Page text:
Advocates for Black equality call many things “reparations” – educational programs, housing assistance, health care clinics, even efforts to foster reconciliation between the races. But there is a scholar who maintains that only one definition of the word fully addresses the harm done to Black Americans by slavery and discrimination:
Cash. From the federal government. Trillions of dollars in cash.
That’s the belief of Duke professor William “Sandy” Darity Jr., co-author with his wife, A. Kirsten Mullen, of the book From Here to Equality: Reparations for Black Americans in the Twenty-First Century. He bases this argument on the persistence of the wealth gap between Black and white households, which he says is the best measure of what has been taken from African Americans. Darity is an important voice in the growing reparations movement, and his insistence that a federal program is the only path to full justice is a strong counterpoint to local reparations efforts underway in at least 11 cities and the state of California.
First published in 2020 and with a new paperback edition out this month, From Here to Equality builds the case for addressing harm that official government policies delivered to Black people – not only during slavery, but through Jim Crow and up to the present day. Darity, an economist, is trained to quantify the damage: “The discount rate on Black humanity has been enormous,” he and Mullen write. “… even after the end of Jim Crow, Black lives are routinely a worth approximately 30 percent that of white lives.”
After setting the historical stage, Darity and Mullen take time to rebut the most common objections to cash reparations. One of their important contributions is to offer a definition of who should receive compensation: any person with an enslaved Black ancestor, who also identified themselves as Black on an official government document at least 12 years before any reparations program begins. (They do not support the currently stalled H.R. 40 bill in Congress, which they view as flawed and insufficient.)
The most timely portion of the book lays out specific, compound-interest calculations of how – and how much – to compensate African Americans. (These figures are updated in a May article by Darity, Mullen and Marvin Slaughter in the Journal of Economic Perspectives.) The section points out that funding need not be disbursed all at once, and that the government has provided other multitrillion-dollar outlays in the recent past.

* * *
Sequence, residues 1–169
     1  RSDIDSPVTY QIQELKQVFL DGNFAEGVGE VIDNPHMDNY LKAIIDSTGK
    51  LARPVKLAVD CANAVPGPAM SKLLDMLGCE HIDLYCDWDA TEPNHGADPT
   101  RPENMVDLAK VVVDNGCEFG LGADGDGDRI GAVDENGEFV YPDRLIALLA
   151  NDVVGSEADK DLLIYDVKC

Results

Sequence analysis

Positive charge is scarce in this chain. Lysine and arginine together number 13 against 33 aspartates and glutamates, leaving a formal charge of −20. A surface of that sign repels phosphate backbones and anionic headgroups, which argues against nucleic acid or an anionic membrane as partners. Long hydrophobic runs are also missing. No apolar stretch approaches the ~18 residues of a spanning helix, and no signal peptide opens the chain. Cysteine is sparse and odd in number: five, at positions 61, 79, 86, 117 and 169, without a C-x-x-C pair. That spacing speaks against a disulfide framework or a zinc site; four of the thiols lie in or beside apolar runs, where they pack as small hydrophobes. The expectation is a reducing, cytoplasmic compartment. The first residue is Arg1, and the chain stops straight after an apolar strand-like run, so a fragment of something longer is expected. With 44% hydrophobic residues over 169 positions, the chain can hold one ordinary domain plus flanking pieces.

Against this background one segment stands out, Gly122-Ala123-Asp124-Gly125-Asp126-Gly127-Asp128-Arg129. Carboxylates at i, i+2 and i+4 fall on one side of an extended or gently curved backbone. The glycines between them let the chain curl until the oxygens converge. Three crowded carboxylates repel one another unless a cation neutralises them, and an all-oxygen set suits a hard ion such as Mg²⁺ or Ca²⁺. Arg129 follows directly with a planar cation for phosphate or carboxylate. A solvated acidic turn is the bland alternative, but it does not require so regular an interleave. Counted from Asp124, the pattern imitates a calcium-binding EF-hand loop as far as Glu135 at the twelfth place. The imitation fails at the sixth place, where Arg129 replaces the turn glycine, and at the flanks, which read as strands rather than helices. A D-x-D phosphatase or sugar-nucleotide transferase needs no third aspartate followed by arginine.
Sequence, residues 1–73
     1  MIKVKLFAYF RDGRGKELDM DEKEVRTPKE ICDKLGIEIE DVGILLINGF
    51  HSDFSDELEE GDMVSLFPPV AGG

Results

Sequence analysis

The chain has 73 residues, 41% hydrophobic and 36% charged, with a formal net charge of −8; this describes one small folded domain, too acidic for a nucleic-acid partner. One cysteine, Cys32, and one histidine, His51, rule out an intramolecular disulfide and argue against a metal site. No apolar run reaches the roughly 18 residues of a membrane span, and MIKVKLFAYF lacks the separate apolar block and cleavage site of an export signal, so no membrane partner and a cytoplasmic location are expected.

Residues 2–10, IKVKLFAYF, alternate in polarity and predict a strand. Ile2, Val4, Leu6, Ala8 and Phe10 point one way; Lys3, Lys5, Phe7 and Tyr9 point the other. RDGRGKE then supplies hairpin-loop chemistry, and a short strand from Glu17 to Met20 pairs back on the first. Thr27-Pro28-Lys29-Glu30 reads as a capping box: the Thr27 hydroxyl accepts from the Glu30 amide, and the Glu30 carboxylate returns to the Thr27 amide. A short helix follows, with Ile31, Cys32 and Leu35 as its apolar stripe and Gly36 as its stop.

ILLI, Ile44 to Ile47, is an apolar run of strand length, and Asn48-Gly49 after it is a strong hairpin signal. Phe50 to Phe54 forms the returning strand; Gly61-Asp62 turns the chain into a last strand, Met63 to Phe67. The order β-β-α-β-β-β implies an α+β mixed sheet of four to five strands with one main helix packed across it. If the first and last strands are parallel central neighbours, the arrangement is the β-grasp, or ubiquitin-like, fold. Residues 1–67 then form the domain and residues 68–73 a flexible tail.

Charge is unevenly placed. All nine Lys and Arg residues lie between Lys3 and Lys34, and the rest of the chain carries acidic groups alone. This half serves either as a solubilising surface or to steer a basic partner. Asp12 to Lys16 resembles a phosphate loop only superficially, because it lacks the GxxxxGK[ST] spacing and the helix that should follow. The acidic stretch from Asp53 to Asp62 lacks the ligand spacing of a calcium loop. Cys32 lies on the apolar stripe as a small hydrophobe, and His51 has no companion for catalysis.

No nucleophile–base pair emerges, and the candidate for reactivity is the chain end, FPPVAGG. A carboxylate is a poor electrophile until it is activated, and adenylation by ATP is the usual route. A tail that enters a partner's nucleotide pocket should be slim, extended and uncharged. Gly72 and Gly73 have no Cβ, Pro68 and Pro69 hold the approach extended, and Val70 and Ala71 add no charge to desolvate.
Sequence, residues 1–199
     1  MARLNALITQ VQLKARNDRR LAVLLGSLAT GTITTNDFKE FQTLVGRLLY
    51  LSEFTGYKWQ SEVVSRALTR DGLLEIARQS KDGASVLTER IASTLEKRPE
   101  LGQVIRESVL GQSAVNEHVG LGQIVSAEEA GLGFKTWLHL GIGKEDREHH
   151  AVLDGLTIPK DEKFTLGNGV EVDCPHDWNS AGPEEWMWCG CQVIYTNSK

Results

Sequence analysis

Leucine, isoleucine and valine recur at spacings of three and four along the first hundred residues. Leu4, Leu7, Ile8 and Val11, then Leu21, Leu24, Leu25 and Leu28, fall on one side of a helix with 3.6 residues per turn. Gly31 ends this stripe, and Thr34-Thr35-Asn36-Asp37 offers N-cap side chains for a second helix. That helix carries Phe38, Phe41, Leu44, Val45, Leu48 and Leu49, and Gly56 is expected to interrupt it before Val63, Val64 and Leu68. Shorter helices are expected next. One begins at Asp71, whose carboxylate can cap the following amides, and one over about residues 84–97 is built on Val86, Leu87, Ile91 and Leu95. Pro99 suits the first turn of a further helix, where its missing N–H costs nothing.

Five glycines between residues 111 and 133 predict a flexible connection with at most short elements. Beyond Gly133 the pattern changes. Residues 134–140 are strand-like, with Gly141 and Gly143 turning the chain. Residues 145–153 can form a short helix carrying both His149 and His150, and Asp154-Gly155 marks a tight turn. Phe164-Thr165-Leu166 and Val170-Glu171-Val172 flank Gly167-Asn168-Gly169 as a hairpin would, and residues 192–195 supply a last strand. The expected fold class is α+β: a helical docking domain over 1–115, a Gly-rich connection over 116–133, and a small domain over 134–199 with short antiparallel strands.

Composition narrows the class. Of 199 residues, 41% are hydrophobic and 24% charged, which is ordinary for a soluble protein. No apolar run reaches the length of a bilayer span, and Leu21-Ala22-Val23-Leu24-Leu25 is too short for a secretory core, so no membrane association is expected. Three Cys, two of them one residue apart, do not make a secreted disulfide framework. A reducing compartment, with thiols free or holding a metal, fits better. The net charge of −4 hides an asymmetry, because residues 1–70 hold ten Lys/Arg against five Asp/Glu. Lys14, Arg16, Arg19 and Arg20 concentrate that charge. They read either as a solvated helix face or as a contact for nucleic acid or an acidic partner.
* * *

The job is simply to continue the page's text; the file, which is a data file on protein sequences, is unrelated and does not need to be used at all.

Altogether, the book is a bold, pragmatic argument that helps move reparations from the fantastical to the possible. I recently spoke with Darity about his work and philosophies.
This transcript has been edited for length and clarity:
You began to seriously study reparations when you were asked to write the forward of a 1990 book of essays, The Wealth of Races: The Present Value of Benefits from Past Injustices. How would you describe your attitude about reparations when you first came to the subject?
I was in the camp of people who viewed reparations as something that was morally just but impossible to happen. And I was thinking, since this is so unlikely, that it was actually somewhat of a waste of time and energy trying to pursue it and advocate for it. But after I started reading these essays and reflecting on the message that was embedded in them, I concluded this was the right thing to do, even if the odds were long. I was going to try to make reparations happen, both from the standpoint of doing serious research about the topic, as well as being an advocate for the policy.
I’ve had a similar evolution.
I came to recognize that there’s a host of things that we frequently have thought were impossibilities, and then yet, somehow, they became possibilities. But they only became possibilities because there were some folks willing to push for them. One example is [ending] slavery itself. If it was 1817 in the United States, you might be convinced that slavery would never come to an end. If it was 1953 in South Africa, you might think that the apartheid system would never come to an end. But that didn’t mean there were not people who resisted.
Most of your book is a detailed accounting of American racism and white supremacy. It was difficult to read.
A lot of people have asked us how painful it was to write this. I think it was more difficult for my wife than it was for me, because I’ve been doing research on the history of slavery for a long time. So I wasn’t quite as shocked by some of the new things that I learned as she was. But, yeah, it’s not a fun topic.
Is there one fact or injustice that’s the most striking to you?
You use the term ‘most striking,’ and I like that adjective because that’s different from asking which was most important. I couldn’t answer that. But what’s most striking to me in terms of the atrocities are the 100 massacres that took place from the Civil War into the mid-20th century, where Black lives were taken by white terrorists and Black property was seized and appropriated by white terrorists. I think most Americans have no idea that there were actually 100 of these episodes, all across the country, dating from at least 1862 or so in New Albany, Indiana, to Detroit in the 1940s.
How close did reparations come to happening at the end of the Civil War when Black people were promised 40 acres and a mule, before President Abraham Lincoln was assassinated and his successor, President Andrew Johnson, reneged on the deal?
This is a context where it’s important to get the numbers right, because there is some misinformation afoot. Special Field Order No. 15 was issued by Gen. Sherman, about four days after he met with a group of representatives of the Black community, virtually all of them ministers, in Savannah, Georgia. Sherman met with them in the presence of Secretary of War Edwin Stanton. Stanton’s presence was at the behest of President Lincoln. So the Special Field Order which emerged from that conversation was an official project, something that Lincoln had approved. People frequently say the Special Field Order allocated 400,000 acres of land, which was settled by 40,000 of the freedmen. It is true that only 400,000 acres of land were settled by 40,000 freedmen before President Andrew Johnson reversed the policy and restored that land to the former slaveholders. But if you look carefully at Special Field Order Number 15, it actually allocates 5.3 million acres of land to the freedmen. It allocates a swath of the Atlantic coast 30 miles wide extending from the sea islands of South Carolina to northern Florida, at the border of the St. John’s River.